Monday, October 15, 2007

Incredible ... I won a race

this Saturday was the last race of the 5K series in Hong Kong.

I was slightly tired from the long run and little rest, but in 5K it does not make sense to have moments of fear...

Without boring the readers with a detailed report of every meter... I can summarize as follows:

- my original tactique was to stick to the leader of the series for my master category and see at the end of the race if I could outkick him and win the series (I was 2nd...)
- We started like crazy at a 3'10" pace and I felt better after 2k (warm-up)
- With 1 km to go, I was glued to Mr M and we were approaching to the race leader. I was obviously working hard, but the legs were still fresh. We eventually caught him with 500m to go.
- With probably 300m/400m to go, I made a terrific kick and no one was responding. I was not sure of the distance left (the course is very winding and narrow) so I pushed the gas until the final 5meters.

The course was 300/350meter longer than 5k, so the 17'15" time means something in the 16'10"/16'20" range. It will be forever my PB in the 5350 meters...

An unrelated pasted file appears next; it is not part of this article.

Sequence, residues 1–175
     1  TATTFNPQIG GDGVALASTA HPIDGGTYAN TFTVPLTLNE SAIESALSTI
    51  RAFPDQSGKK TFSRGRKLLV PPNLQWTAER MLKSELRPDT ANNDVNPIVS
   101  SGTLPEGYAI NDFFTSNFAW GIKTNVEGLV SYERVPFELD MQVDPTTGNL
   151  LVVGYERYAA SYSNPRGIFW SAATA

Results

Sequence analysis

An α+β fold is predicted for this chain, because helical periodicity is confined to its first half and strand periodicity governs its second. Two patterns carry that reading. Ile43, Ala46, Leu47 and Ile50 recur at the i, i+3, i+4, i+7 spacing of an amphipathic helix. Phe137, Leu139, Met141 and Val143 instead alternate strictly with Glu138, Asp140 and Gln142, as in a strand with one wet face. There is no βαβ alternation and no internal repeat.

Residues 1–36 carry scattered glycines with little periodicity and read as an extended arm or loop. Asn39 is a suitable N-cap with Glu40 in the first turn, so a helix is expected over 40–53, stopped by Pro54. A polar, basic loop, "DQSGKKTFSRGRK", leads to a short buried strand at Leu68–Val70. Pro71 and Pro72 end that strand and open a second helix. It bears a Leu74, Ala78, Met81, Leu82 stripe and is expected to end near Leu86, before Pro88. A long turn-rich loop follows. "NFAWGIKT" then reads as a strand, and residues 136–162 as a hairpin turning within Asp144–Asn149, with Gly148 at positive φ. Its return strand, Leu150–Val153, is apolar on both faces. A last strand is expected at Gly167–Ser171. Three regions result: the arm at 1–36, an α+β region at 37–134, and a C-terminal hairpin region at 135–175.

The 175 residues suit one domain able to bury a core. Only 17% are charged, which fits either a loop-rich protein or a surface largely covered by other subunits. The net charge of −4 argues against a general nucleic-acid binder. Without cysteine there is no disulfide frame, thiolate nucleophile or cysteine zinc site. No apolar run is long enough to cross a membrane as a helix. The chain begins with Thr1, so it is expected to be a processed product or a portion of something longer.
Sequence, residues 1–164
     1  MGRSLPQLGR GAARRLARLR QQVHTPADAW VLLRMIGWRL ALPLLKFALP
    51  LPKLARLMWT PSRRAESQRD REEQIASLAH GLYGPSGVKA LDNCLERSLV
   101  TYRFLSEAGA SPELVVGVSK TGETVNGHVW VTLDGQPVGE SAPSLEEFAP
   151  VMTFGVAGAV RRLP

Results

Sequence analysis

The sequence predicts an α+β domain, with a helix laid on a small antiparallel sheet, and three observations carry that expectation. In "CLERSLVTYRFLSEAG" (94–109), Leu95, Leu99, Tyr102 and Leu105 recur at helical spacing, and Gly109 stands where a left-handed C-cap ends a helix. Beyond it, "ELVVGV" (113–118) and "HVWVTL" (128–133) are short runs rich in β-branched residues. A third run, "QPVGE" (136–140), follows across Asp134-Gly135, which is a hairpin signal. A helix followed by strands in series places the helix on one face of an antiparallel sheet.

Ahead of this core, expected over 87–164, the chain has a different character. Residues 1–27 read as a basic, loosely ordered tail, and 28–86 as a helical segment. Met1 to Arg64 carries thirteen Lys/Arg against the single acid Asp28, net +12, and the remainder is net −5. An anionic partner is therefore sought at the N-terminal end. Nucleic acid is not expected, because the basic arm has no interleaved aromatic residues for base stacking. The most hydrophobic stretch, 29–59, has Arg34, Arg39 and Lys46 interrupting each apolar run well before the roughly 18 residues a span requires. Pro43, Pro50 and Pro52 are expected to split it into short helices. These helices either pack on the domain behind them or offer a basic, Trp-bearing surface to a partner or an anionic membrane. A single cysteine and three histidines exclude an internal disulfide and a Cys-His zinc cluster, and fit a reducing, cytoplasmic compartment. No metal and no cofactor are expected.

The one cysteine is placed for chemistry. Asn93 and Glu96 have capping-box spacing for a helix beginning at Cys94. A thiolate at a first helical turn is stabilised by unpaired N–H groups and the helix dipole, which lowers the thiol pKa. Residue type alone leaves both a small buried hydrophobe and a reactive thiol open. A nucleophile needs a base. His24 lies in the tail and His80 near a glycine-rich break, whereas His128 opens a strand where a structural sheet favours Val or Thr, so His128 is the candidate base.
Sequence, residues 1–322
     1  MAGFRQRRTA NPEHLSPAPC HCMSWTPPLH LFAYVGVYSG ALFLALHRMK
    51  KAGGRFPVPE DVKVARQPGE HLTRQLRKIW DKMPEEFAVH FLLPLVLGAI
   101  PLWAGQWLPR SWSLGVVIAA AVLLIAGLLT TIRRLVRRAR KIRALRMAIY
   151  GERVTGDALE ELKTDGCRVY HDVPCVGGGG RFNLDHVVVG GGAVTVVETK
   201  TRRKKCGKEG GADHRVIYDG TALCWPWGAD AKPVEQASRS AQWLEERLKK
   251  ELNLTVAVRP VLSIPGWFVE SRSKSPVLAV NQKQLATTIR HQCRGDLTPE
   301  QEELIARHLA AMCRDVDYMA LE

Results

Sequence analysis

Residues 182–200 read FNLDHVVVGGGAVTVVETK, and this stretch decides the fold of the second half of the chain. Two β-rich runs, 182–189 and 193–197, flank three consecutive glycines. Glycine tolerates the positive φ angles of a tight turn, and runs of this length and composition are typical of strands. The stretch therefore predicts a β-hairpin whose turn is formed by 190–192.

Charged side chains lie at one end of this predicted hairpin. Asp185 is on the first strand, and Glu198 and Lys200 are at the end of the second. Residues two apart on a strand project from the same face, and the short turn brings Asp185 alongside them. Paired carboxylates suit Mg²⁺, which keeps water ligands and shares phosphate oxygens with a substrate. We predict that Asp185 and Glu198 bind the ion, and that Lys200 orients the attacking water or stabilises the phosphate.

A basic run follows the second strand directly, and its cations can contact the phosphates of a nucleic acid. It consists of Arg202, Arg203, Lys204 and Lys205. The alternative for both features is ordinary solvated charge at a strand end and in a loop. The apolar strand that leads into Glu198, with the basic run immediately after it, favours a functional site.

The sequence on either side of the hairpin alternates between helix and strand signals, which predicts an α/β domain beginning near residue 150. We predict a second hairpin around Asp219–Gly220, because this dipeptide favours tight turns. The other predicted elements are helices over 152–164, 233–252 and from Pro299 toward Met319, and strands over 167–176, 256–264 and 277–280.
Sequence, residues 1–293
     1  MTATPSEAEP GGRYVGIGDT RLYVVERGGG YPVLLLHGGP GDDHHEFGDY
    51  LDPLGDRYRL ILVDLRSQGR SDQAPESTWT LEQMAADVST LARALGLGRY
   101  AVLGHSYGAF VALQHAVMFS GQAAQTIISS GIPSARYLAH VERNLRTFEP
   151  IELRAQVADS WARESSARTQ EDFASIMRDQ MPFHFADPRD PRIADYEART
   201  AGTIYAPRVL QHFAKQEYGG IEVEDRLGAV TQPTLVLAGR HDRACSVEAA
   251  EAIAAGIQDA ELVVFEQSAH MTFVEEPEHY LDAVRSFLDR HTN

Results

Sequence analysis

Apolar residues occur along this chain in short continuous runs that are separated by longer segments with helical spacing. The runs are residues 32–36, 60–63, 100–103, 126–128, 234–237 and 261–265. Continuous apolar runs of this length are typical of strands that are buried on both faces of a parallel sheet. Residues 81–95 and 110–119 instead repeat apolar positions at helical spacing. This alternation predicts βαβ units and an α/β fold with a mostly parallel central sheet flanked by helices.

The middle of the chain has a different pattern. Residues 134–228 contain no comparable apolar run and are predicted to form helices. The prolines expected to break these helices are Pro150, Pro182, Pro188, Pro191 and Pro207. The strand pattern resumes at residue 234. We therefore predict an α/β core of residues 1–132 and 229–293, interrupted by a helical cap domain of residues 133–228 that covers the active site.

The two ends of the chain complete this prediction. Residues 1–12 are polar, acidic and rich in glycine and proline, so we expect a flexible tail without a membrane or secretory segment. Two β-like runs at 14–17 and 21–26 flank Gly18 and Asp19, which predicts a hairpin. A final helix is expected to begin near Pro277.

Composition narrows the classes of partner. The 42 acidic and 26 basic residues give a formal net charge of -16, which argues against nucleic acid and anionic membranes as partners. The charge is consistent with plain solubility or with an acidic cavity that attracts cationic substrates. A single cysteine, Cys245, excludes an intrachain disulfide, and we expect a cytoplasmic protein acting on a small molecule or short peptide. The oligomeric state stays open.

Since the purpose of the blog is to discuss training philosophy for competitive amateur runners, I think that we can take a good lesson:

- the key to strong performance is always a good aerobic training: aerobic base and aerobic power. This gives you the power to race 5k strong from start to end.
- it is not always necessary to train very fast to make a fast time. I kept a 3'10"/km pace (5'12"/Mile) without having made any single workout of fast intervals. Probably I never went faster than 3'20" in training (unless strides).
- A high LT means that you can keep a high cruising speed without accumulating lactate. The extra-speed needed to race a fast 5k come from anaerobic power, but ON TOP of the aerobic power

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